TABLE 3______________________________________PROPYLENE POLYMERIZATION 14 15 17RUN NO. 13 (Inv.) (Inv.) 16 (Inv.) 18______________________________________Reactor Temp. °C. 80 80 80 80 71 60CatalystParts by weight per100 partsunmodified baseNumber I J J J J JTPP 0 12 12 12 12 12AlCl3 0 12 12 12 12 12Charged mg 49.2 41.2 37.6 37.6 36.5 39.4Calc. TiCl3mg 24.6 15.6 14.3 14.3 13.8 14.9mmoles 0.16 0.10 0.092 0.092 0.090 0.097CocatalystCalc. mmolesDEAC 4.95 4.95 2.48 2.48 2.48 2.48TEA 4.95 4.95 2.48 2.48 2.48 2.48EA 3.25 3.25 1.63 3.25 1.63 1.63Total Al/TiCl3 .sup.(b) 61 98 54 54 55 51EA/TiCl3.sup.(b) 20 32 18 35 18 17Total Al cpds/EA.sup.(a) 3 3 3 1.5 3 3Polymer Yield g 87.0 87.2 116.0 21.8 110.0 92.9Wt. % Xylene 10.1 7.3 11.0 7.8 7.7 14.2Soluble PolymerCalc. Productiv- 1770 2120 3080 580 3020 2360ity g/g/hr.______________________________________ Notes: .sup.(a) Al compounds in the cocatalyst system (calculated mole ratio) .sup.(b) Calculated mole ratio .sup.(c) Runs 13, 16 and 18 are controls
Inspection of the Table 3 data shows in control run 13 the typical results obtained with the unmodified base catalyst, e.g., soluble polymer about 10 wt. % and a productivity of about 1800 g polymer per g catalyst per hour at about 80° C. In the remaining runs each catalyst contained 12 parts by weight each of AlCl3 and TPP per 100 parts by weight unmodified SMART catalyst. Invention runs 14, 15 and 17 demonstrate the increased productivity resulting even at several cocatalyst variations at reactor temperatures of 80° C. and 71° C. The results shown in runs 15 and 17 suggest that when the cocatalyst level is cut about 50% from that of run 14 it is desirable to also lower the reactor temperature from about 80° to about 70° C. Thus soluble polymer formation is reduced from about 11 wt. % at 80° C. to about 8 wt. % at 70° C. without affecting productivity. The results of control run 16 shows that when the total organoaluminum compound to EA ratio is decreased below the instant invention specified minimum of about 2.6:1, low soluble polymer formation is achieved but at the expense of lower productivity to an unacceptable low level of about 600 g polymer per g catalyst per hour. Control run 18 shows that a reactor temperature of about 60° C. is too low in the instant process with the catalysts employed. Although good productivity results are shown, the soluble polymer formed has increased to an unacceptable level of about 14 wt. %.
This is a repeat preparation of base SMART Catalyst A employing the same quantities of reagents and the same procedure recited before for Catalysts A, A1 and A2. The recovered purple-maroon colored product weighed 75 g.
In this example, the basic SMART Catalyst A was prepared in the presence of powdered MgO which had been previously heated for 16 hours at about 1000° F. (538° C.) in air, then cooled. A 1 liter spherical steel vessel containing 1400 g of 0.5 inch steel balls was charged with the same quantity of reagents as described in Example I plus 36 g (0.89 mole) of MgO. The weight ratio of base SMART catalyst to MgO is about 4.4 to 1. The vessel was placed on the Vibraton and a 3.75 hour milling time was employed. The purple colored recovered product weighed 110 g.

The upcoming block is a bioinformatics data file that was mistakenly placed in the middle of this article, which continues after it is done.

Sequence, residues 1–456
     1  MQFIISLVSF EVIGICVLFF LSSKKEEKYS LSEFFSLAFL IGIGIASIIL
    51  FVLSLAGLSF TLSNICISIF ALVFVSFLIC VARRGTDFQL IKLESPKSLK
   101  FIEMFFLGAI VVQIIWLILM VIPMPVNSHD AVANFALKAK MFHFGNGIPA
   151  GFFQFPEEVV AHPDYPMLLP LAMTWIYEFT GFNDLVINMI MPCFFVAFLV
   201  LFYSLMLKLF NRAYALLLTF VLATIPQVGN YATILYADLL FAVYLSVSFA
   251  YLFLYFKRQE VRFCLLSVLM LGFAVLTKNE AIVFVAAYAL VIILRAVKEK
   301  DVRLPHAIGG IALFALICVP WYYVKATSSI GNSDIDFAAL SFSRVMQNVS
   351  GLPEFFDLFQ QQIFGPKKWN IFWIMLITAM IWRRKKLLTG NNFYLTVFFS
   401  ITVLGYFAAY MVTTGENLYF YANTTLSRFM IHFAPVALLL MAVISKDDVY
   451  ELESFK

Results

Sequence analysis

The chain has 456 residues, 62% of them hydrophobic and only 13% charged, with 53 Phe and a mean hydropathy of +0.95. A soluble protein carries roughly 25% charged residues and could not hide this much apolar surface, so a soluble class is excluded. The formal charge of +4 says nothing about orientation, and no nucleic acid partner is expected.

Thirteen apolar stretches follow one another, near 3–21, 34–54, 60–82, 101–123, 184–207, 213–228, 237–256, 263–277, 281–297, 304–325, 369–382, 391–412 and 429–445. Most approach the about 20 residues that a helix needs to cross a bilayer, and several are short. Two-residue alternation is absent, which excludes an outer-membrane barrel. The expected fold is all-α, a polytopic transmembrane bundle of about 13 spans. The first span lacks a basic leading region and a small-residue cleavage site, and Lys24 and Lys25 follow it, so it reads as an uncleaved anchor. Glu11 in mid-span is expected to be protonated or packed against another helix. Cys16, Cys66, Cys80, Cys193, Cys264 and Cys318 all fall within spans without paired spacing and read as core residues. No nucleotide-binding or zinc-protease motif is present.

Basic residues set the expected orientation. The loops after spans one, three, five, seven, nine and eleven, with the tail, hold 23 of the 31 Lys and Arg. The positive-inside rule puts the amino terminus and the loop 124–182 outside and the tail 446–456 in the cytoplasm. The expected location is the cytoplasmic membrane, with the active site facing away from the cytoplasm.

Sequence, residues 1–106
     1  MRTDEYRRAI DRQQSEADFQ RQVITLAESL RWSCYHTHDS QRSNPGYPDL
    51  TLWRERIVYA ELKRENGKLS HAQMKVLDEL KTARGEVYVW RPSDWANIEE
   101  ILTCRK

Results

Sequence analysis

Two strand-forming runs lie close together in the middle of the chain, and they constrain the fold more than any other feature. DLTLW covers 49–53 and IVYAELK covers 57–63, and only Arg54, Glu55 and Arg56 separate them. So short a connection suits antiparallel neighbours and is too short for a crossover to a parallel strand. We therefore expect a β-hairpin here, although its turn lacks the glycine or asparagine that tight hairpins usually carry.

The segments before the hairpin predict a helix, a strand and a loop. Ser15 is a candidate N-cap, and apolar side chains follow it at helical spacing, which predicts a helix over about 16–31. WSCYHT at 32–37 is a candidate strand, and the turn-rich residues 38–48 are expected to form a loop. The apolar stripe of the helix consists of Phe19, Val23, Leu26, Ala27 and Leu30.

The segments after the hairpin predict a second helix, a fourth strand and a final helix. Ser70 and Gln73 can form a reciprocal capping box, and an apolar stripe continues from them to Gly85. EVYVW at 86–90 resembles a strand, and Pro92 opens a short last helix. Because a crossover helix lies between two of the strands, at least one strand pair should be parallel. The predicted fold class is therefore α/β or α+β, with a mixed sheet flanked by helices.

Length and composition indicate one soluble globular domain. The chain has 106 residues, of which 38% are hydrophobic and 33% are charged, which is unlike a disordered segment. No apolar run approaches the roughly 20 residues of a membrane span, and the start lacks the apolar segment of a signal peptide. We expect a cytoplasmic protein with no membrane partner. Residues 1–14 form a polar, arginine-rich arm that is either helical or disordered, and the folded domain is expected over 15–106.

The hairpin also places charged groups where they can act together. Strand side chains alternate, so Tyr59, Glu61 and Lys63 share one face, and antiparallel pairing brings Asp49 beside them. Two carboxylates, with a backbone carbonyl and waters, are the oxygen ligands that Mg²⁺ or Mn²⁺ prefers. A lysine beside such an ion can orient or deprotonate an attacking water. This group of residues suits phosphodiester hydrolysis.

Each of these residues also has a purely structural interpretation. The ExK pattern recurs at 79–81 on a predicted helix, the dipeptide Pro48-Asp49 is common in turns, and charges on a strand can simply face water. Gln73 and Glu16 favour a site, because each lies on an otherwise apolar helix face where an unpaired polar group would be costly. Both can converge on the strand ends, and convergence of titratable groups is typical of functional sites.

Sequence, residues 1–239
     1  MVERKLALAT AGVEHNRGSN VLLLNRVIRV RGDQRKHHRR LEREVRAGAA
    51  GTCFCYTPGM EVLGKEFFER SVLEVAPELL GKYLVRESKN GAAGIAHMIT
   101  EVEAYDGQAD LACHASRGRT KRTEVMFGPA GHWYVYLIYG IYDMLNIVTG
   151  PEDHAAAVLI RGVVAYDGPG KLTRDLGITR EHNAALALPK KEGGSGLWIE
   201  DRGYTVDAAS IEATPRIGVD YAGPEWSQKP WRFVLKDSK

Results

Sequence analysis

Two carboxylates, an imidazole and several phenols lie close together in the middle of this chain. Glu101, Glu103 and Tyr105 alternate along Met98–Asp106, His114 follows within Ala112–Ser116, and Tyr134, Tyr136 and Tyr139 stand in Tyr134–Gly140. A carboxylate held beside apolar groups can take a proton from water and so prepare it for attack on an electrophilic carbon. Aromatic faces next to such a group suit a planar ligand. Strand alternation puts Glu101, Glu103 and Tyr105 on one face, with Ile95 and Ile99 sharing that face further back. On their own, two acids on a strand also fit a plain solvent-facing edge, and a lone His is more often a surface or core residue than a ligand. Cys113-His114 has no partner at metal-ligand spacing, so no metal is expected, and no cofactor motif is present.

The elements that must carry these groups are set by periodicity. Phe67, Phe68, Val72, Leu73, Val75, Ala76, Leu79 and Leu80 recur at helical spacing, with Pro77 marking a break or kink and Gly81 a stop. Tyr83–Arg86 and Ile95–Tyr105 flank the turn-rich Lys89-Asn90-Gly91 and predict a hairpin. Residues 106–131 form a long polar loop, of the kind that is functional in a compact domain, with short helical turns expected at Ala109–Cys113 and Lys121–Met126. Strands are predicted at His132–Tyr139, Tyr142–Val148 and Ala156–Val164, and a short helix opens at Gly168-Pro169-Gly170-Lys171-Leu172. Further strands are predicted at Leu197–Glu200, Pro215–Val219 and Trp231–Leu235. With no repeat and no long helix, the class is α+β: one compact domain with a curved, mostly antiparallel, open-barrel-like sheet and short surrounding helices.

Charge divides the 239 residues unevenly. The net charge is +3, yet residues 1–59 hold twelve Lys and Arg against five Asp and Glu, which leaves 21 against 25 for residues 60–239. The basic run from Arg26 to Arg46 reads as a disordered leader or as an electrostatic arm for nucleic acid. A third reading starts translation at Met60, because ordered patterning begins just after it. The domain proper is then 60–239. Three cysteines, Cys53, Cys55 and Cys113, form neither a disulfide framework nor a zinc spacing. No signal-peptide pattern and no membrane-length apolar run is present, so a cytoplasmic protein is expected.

A 5 g sample of control Catalyst L, 0.8 g AlCl3 (6 mmoles) and 0.77 g TPP (2.5 mmoles) was milled for 2 hours in a 250 ml steel vessel with 300 g of 1/4 inch steel balls on the Vibraton at ambient conditions. After milling, the vessel and contents were heated for 1 hour at 95° C. The brownish-violet solid product was recovered from the vessel through a 50 mesh screen following the heat treatment. The calculated amount of MgO in 5 g of Catalyst L is 1.75 g (43 mmoles) and 3.25 g of base SMART catalyst. Thus, the calculated amount of TiCl3 in 5 g of Catalyst L is 1.625 g (11 mmoles). The calculated weight ratio of base SMART catalyst to each adjuvant is about: SMART:MgO of 1.8:1, SMART:AlCl3 of 4.1:1, and SMART:TPP of 4.2:1. The calculated mole ratios are TiCl3 :MgO of 0.26:1, TiCl3 :AlCl3 of 1.8:1, TiCl3 :TPP of 4.4:1 and TPP:AlCl3 of 0.42:1.
Propylene was polymerized as described previously by contact with the catalysts at 70°-71° C. The quantities of compounds employed and the results obtained are given in Table 4. The abbreviations have the same meanings as before.
TABLE 4______________________________________PROPYLENE POLYMERIZATION 20Run 19 (Con- 21 22No. (Control) trol) (Inv.) (Inv.)______________________________________CatalystParts by weightper 100 partsunmodified baseNumber A4 L M MTPP 0 0 4.2 4.2AlCl3 0 4.4 1.8 1.8MgO 0 4.4 1.8 1.8Charged mg 44.1 42.0 38.9 29.4Calculated TiCl3mg 22.05 13.6 9.6 7.3mmoles 0.14 0.088 0.062 0.047CocatalystCalc. mmolesDEAC 2.15 2.15 2.15 2.15TEA 2.15 2.15 2.15 2.15EA 1.63 1.63 1.63 1.63Total Ala /TiCl3 31 49 69 91EA/TiCl3 12 19 26 35Total Al Cpds./EA 2.6 2.6 2.6 2.6Polymer Yield, g 80.2 39.6 91.3 95.5Wt. % Xylene 11.6 13.5 9.1 9.1Soluble PolymerCal. Productivity, 1820 943 2350 3250/2.5 hr.g/g/hr (3640)b (2910)b (9510)b (13080/2.5 hr.)______________________________________ a Total moles of Al compounds in cocatalyst b Calculated grams polymer per gram calculated TiCl3
Control catalyst A4 used in Run 19 is the unmodified SMART catalyst for the other catalysts prepared in this time period. The results obtained with it are similar to those obtained previously in other time periods. The addition of only MgO to the SMART catalyst results in a low productive catalyst as the results of Run 20 demonstrate. Thus, productivity is about halved and somewhat more soluble polymer is formed. However, the combination of MgO, TPP, and AlCl3 as promoters (adjuvants) for the base SMART catalyst simultaneously improves catalyst productivity and lowers soluble polymer formation. A marked jump in productivity is more clearly seen when the catalysts are compared on the basis of grams polymer produced per gram calculated TiCl3 per hour. Part of the increase is attributed to the heat treatment afforded invention catalyst M.
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|US6433237||Feb 19, 2001||Aug 13, 2002||Bridgestone Corporation||Iron-based catalyst composition for producing oligomers of conjugated dienes|
|U.S. Classification||526/124.8, 526/124.4, 526/351, 526/906|
|Cooperative Classification||Y10S526/906, C08F10/00|
|May 22, 1986||FPAY||Fee payment|
Year of fee payment: 4
|May 4, 1990||FPAY||Fee payment|
Year of fee payment: 8
|Nov 18, 1994||REMI||Maintenance fee reminder mailed|
|Apr 9, 1995||LAPS||Lapse for failure to pay maintenance fees|
|Jun 20, 1995||FP||Expired due to failure to pay maintenance fee|
Effective date: 19950412